Niemann-Pick disease type C (NPC) is a lipid storage disease that can present in infants, children, or adults. Neonates can present with ascites and severe liver disease from infiltration of the liver and/or respiratory failure from infiltration of the lungs. The classic presentation occurs in mid-to-late childhood with the insidious onset of ataxia, vertical supranuclear gaze palsy (VSGP), and dementia. Dystonia and seizures are common. Dysarthria and dysphagia eventually become disabling, making oral feeding impossible; death usually occurs in the late second or third decade from aspiration pneumonia. Adults are more likely to present with dementia or psychiatric symptoms. Individuals with NPC have mutations in one of two genes, NPC1 or NPC2. Approximately 95% of affected individuals have mutations in NPC1. Mutations in a gene may lead to the production of a protein that has reduced or abnormal functions, or to the absence of the protein. Depending upon the functions of the particular protein, this can affect many organ systems of the body, including the brain.

NPC being a rare indication with an estimated incidence of 1 case per 100,000 live births. National expert centre based studies from Australia, the Netherlands, the UK, Portugal, Czech Republic, France and United Arab Emirates have reported an annual incidence varying between 0.25 and 2.20 per 100,000 live births. In the latter study, when taking into account pathogenic mutations, the incidence rate at conception of classical clinical forms of NP-C was calculated to 1.12 per 100,000 (1/89,229). Estimates of birth prevalence ranging between 0.66 and 0.83 per 100,000 were proposed for France, the UK and Germany based on diagnoses made in the laboratory of the author over the period 1988-2002.

The race for launching a product for the rare indication is heated up by the cut throat competition between the companies Orphazyme and Vtesse. Arimoclomol, product of Orphazyme has received rare pediatric disease designation by the US Food and Drug Administration (FDA) and orphan drug designation from European Medicines Agency (EMA) and US FDA. Contingent on positive results of the trial, Orphazyme expects to file an NDA (US) and MAA (EU) in H2 2019 with potential approval in H1 2020.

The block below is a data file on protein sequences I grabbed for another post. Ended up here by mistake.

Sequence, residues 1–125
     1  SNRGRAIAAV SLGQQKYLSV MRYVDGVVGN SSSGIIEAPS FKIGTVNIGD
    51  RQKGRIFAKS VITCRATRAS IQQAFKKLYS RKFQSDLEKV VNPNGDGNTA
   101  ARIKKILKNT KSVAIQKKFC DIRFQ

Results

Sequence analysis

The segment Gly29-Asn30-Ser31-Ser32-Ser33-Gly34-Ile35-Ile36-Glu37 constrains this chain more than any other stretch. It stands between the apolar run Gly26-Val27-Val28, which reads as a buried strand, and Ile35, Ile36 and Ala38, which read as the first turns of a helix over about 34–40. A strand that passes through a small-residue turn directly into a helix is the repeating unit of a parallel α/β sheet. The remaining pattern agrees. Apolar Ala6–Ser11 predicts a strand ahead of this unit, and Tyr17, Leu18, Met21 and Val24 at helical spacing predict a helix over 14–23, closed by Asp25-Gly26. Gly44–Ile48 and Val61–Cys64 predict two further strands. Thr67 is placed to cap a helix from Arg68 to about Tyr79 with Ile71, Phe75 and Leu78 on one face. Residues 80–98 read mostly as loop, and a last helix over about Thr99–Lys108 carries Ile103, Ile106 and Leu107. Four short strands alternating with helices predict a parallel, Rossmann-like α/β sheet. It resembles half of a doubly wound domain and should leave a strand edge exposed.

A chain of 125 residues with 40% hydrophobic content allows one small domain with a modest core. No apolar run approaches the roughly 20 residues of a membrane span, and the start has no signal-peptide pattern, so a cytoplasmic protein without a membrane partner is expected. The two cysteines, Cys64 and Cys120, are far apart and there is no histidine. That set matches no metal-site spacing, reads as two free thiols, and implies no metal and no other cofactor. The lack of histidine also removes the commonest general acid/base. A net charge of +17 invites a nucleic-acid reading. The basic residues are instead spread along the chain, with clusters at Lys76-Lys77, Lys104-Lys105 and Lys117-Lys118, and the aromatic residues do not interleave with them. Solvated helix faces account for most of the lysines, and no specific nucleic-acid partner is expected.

Vtesse is also looking forward for development of VTS-270 with the intent to seek marketing approval for VTS-270 from U.S. and European regulatory agencies. The company also has plans to use the highest scientific rigor to characterize VTS‐270 efficacy and safety to support the fastest path to approval. Entry of these products into the market will give a breakthrough and a potential treatment for NPC patients. The other product in mid stage development by CTD Holdings also holds a bright chance to reach the market.

The pipeline for NPC is not robust with few drugs in the clinical studies. The major chunk of products are still in the pre-clinical studies illustrating the intermittence of the disease. The nominal pipeline activities emphasizes the prominent scope for more developments in the area.

The lower incidence of the disease leads to misdiagnosis or delayed diagnosis acting as a barrier in the good care of the individuals affected with the indication. Currently, there are no marketed products for NPC making the treatment even more difficult. Symptomatic relief can be provided with few antiepileptics and the coordinated efforts of a team of specialists. Pediatricians, neurologists, ophthalmologists, pulmonologists, gastroenterologists, and other healthcare professionals may need to systematically and comprehensively plan an affected child’s treatment. Psychosocial support for the entire family is essential as well. Genetic counseling would benefit affected individuals and their families.

Vidhi Khosla

Associate Analyst